References

Online material

Appendix A: Further flux and position spectra for CO and HCN

thumbnail Fig. A.1

Same as Fig. 3 but for the region near 4.61 μm.

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thumbnail Fig. A.3

Same as Fig. 7 but for the region near 2.99 μm.

Open with DEXTER

thumbnail Fig. A.2

Same as Fig. 3 but for the region near 4.64 μm.

Open with DEXTER

thumbnail Fig. A.4

Same as Fig. 7 but for the region near 3.00 μm.

Open with DEXTER

All Figures

thumbnail Fig. 1

Reconstructed map of TX Psc in the K band from Cruzalèbes et al. (1998) with the CRIRES slit positions used superposed. The FWHM of the NACO beam was 0.15′′.The width of the rectangles roughly corresponds to the slit widths used. The NE/SW quadrants were observed in 2010 (grey rectangles), the NW/SE quadrants in 2013 (orange). PAs of 0° and 90° were observed in both runs. The outermost four contours correspond to 0.1, 0.3, 0.6, and 1% of the central flux.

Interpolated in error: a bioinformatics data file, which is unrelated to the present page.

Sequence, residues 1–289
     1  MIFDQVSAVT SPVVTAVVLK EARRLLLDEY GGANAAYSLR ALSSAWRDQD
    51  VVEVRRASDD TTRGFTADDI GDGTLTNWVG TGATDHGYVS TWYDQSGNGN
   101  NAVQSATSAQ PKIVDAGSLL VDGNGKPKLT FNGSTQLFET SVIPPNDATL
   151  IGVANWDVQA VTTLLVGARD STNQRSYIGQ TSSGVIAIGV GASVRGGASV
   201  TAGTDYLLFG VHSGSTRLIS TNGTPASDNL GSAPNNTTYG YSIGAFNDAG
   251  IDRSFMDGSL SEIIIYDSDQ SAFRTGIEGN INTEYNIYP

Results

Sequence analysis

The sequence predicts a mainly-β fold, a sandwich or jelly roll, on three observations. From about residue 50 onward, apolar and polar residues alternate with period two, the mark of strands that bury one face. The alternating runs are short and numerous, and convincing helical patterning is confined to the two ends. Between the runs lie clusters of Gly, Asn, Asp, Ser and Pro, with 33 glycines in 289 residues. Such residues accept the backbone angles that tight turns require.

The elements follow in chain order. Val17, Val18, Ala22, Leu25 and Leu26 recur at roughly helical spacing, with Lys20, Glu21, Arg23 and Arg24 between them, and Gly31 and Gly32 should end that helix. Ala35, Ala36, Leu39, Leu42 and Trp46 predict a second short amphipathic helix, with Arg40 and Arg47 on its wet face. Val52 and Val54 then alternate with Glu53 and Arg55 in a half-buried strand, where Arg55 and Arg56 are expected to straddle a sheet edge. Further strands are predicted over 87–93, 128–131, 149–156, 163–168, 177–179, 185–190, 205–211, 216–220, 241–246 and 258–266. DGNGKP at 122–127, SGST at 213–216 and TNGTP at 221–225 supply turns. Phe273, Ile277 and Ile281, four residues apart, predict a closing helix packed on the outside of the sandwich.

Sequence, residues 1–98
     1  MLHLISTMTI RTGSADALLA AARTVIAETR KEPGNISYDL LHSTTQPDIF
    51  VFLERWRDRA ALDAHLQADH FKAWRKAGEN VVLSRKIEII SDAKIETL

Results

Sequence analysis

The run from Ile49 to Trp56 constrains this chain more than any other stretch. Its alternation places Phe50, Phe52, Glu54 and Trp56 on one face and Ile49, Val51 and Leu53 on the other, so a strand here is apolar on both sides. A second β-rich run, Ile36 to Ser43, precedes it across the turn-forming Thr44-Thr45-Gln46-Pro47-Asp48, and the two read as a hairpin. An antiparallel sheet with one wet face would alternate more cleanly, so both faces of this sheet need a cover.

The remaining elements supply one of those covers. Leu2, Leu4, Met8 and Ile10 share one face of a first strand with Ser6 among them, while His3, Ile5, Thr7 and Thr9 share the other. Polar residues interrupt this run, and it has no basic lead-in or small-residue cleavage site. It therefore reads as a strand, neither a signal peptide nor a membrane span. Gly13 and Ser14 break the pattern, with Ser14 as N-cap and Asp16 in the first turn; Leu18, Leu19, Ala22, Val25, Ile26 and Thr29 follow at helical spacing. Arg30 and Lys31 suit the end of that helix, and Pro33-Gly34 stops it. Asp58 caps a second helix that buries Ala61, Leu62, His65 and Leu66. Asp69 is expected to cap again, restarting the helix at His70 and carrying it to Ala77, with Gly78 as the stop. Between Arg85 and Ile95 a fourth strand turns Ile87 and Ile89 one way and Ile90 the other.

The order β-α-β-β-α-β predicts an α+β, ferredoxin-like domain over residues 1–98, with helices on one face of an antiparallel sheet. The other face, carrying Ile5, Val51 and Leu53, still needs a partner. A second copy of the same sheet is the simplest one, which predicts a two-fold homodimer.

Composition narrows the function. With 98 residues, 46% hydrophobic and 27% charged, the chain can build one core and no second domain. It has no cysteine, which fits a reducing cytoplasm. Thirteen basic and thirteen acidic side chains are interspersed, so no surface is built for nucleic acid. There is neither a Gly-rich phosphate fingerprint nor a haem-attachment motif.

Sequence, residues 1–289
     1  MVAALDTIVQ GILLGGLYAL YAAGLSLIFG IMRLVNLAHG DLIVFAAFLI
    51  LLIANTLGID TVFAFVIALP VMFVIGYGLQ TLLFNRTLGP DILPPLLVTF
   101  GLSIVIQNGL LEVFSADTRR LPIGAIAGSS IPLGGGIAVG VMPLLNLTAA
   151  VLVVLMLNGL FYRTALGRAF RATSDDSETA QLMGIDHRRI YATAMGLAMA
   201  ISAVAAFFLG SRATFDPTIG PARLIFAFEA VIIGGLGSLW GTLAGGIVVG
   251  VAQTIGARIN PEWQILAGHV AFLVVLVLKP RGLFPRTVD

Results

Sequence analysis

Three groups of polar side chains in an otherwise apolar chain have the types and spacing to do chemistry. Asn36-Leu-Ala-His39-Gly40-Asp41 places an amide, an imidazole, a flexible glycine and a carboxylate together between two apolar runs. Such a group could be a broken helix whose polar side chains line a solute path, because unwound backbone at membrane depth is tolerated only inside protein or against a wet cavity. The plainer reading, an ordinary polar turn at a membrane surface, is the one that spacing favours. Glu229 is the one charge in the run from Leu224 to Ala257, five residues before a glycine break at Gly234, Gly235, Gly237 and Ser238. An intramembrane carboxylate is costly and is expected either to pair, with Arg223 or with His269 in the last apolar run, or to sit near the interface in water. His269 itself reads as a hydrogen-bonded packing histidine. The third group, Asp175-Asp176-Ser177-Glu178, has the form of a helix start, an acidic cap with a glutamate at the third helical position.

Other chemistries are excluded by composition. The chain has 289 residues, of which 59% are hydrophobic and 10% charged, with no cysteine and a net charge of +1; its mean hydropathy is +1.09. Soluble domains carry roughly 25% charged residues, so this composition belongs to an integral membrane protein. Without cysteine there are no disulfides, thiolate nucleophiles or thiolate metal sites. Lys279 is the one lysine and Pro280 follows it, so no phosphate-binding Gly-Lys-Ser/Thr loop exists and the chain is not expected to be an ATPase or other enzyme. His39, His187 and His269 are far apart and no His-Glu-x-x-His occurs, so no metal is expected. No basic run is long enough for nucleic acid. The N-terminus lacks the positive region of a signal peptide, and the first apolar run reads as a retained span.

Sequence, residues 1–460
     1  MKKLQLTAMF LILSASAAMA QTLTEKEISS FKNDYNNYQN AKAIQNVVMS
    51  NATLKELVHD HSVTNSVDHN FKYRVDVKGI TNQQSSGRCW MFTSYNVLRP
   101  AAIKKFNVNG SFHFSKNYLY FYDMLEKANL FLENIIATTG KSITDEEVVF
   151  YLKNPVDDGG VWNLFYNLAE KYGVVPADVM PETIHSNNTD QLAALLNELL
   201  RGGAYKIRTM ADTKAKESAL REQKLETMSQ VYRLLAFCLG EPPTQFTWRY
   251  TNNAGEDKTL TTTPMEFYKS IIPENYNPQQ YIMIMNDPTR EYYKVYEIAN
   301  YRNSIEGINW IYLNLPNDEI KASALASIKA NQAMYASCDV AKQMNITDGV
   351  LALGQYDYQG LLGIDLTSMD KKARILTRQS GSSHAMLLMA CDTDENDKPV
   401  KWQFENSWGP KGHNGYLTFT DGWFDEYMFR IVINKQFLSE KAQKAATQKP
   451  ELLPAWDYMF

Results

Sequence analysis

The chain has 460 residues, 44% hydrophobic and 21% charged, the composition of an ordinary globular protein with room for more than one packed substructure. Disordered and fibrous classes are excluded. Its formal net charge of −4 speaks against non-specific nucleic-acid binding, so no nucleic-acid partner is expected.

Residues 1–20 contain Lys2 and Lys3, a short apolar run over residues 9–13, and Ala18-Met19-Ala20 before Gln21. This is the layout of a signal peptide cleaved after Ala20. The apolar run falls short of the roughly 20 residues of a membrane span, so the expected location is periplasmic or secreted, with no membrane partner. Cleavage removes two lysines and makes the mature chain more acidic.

Open with DEXTER
In the text
thumbnail Fig. 2

Example 2010 data for the early type standard HIP 116928 in the M band. The uppermost panel shows the normalized flux spectrum. The middle and lower panels are the position and FWHM spectra resulting from the Gauss fits, respectively. For the position spectra, a global trend was subtracted (see text). The plus signs and crosses correspond to the data at PAs of 0° and 180°, respectively.

Open with DEXTER
In the text
thumbnail Fig. 3